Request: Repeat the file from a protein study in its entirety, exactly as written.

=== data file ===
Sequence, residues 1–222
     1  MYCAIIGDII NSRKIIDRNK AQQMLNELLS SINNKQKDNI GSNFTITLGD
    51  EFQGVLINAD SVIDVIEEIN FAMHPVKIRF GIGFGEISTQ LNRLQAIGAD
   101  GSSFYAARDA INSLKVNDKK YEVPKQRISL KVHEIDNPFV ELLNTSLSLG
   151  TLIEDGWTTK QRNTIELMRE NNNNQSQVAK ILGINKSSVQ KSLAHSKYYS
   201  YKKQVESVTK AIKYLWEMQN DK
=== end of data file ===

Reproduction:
Sequence, residues 1–222
     1  MYCAIIGDII NSRKIIDRNK AQQMLNELLS SINNKQKDNI GSNFTITLGD
    51  EFQGVLINAD SVIDVIEEIN FAMHPVKIRF GIGFGEISTQ LNRLQAIGAD
   101  GSSFYAARDA INSLKVNDKK YEVPKQRISL KVHEIDNPFV ELLNTSLSLG
   151  TLIEDGWTTK QRNTIELMRE NNNNQSQVAK ILGINKSSVQ KSLAHSKYYS
   201  YKKQVESVTK AIKYLWEMQN DK